I don’t believe adults are different than children in this way. We like things to make sense. We behave better when we empathize with the people around us. We want to feel worthwhile and capable. Creating consequences for a crime as opposed to punishing a criminal helps people retain their dignity and grow into stronger people.

How do we in the US apply that to the prison system? I don’t know exactly. I do think we put too many people in prison. I knew our rate was high, but I didn’t realize before writing this that when it comes to incarceration rates, we’re #1. In the world. With .72% of our population in prison, we’ve got 1.5 times Russia’s incarceration rate, 2.5 times Iran’s, and 6 times China’s. Piper Kerman being sent to prison ten years after she’s realized her mistake and moved on does no good whatsoever. But then, again, punishing a drug dealer who’s been punished her whole life by poverty, hunger, and living surrounded by drugs and gangs doesn’t do any good, either. And is likely to produce a repeat offender.

OitNB Mental HealthEurope puts fewer people in prison and has prisons that focus on rehabilitation instead of punishment--with a far lower recidivism rate than the US (rate of people returning  to prison). Rehabilitation and finding alternatives to prison (such as community service) are shifts from punitive justice, in which prison is seen as a demoralizing punishment intended to discourage people from crime, to a justice system based on consequences where prison is seen as a place for retraining. A premiere and controversial example is Norway’s Bastøy prison, known as the nicest prison in the world. It’s an island with no fences, unarmed guards, and no uniforms where the inmates garden, ride horses, and cook their own lunches and breakfasts. And it houses murderers. But if you’re talking results that do a society good, within two years of being released, Bastøy has a 16% recidivism rate–compared to the US’s staggering 48%-60%. Arne Kvernvik Nilsen, Bastøy’s governor said, “If we have created a holiday camp for criminals here, so what? We should reduce the risk of reoffending, because if we don’t, what’s the point of punishment, except for leaning toward the primitive side of humanity?”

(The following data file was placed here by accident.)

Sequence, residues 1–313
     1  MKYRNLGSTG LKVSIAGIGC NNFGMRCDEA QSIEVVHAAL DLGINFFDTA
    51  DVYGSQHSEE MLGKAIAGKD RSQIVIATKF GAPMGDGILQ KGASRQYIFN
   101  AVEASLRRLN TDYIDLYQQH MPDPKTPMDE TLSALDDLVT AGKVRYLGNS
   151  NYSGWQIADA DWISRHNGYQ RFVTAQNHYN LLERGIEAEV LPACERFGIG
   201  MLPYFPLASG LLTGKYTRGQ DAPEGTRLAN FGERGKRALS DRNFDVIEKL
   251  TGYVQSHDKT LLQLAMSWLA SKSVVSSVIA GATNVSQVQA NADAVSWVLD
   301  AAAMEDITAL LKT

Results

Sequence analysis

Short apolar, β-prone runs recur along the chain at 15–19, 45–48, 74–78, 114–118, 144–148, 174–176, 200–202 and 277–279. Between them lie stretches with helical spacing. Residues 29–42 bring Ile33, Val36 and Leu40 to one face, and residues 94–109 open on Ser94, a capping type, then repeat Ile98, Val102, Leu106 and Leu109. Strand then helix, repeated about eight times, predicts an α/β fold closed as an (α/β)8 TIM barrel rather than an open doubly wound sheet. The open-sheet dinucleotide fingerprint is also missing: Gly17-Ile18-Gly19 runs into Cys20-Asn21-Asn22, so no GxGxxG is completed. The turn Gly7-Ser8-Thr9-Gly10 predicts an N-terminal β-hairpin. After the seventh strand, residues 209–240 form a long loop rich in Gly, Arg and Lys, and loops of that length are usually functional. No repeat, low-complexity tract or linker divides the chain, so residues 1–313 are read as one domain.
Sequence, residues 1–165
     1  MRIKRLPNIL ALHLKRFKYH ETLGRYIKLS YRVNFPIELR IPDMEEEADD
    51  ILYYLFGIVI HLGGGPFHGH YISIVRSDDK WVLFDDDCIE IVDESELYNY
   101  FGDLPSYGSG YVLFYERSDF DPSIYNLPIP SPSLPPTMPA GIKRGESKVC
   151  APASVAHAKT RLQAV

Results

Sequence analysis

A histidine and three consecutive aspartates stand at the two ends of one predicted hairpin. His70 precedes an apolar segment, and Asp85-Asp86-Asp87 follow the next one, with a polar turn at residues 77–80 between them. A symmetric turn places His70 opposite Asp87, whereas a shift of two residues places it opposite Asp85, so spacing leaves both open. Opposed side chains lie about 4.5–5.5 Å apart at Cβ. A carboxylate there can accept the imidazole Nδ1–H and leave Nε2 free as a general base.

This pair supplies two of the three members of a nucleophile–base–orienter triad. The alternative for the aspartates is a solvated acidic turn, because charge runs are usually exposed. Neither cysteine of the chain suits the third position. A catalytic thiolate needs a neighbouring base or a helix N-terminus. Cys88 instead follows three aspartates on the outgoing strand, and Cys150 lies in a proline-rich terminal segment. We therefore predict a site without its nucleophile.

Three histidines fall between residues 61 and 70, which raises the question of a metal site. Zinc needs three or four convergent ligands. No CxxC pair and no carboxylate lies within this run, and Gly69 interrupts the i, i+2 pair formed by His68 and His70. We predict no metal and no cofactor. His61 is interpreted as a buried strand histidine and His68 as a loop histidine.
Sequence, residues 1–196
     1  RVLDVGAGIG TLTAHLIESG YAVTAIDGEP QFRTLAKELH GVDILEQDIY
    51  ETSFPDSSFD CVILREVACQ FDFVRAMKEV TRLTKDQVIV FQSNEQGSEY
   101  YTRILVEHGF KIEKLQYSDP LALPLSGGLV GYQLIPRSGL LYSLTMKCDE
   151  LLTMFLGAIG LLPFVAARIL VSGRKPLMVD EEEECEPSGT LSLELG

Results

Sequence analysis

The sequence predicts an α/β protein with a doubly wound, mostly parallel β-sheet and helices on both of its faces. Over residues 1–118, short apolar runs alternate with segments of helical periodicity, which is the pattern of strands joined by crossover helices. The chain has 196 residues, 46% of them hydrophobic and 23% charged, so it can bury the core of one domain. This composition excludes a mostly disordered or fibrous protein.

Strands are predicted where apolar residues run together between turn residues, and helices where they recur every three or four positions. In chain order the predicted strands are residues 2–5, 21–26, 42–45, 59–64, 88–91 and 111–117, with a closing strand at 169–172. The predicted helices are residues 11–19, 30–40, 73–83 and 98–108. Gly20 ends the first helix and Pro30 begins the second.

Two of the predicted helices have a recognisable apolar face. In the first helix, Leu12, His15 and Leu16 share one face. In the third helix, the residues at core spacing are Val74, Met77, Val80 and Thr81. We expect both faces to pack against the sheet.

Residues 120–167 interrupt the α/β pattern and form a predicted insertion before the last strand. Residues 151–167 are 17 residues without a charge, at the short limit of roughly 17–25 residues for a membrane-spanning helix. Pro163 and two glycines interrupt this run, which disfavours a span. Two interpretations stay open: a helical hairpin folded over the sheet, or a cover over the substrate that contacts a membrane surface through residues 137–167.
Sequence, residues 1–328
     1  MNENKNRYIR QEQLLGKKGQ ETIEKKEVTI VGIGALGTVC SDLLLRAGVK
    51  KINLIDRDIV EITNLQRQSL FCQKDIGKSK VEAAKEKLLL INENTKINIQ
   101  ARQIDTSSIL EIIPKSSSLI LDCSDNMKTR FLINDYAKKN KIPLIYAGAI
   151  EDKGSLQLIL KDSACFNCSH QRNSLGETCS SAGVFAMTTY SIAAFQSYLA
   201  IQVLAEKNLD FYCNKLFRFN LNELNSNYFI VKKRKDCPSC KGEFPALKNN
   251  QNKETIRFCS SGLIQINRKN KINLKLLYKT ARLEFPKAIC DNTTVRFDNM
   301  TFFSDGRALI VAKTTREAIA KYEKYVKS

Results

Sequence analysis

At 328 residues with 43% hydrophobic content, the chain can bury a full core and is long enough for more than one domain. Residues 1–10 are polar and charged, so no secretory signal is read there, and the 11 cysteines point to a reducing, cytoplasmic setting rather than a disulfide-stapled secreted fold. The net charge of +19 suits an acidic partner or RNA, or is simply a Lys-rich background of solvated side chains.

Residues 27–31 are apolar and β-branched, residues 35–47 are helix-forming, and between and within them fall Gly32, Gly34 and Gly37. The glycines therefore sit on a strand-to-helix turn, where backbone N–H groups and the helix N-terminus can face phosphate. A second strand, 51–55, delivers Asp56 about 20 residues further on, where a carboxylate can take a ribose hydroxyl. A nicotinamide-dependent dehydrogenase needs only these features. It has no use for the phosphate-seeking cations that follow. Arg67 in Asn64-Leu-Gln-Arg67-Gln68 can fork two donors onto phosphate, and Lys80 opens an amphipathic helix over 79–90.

I think that’s exactly the question we need to decide. I’ve spent most of my life hearing prison spoken of as a place where criminals are punished, getting their deserved comeuppance. But I don’t see how that does society any good. If prisons were a place where we socialized people and then sent them back into the world with the tools to work within society, wouldn’t that make the country a nicer place for everyone to live?

Have you seen Orange is the New Black? Did it make you think?

[On a related note that didn’t fit in the text but I can’t not add…

I haven’t seen 2013 statistics yet. But in 2012, the US is also one of only 21 countries who performed capital punishment, coming in fifth in number of executions behind China, Iran, Iraq, and Saudi Arabia. Over a quarter of the US’s executions were done in my state, Texas, which if counted by itself, would’ve taken Afghanistan’s 8th place ranking. I’m going to say that again. In 2012 Texas had a smaller population yet more executions than Afghanistan.]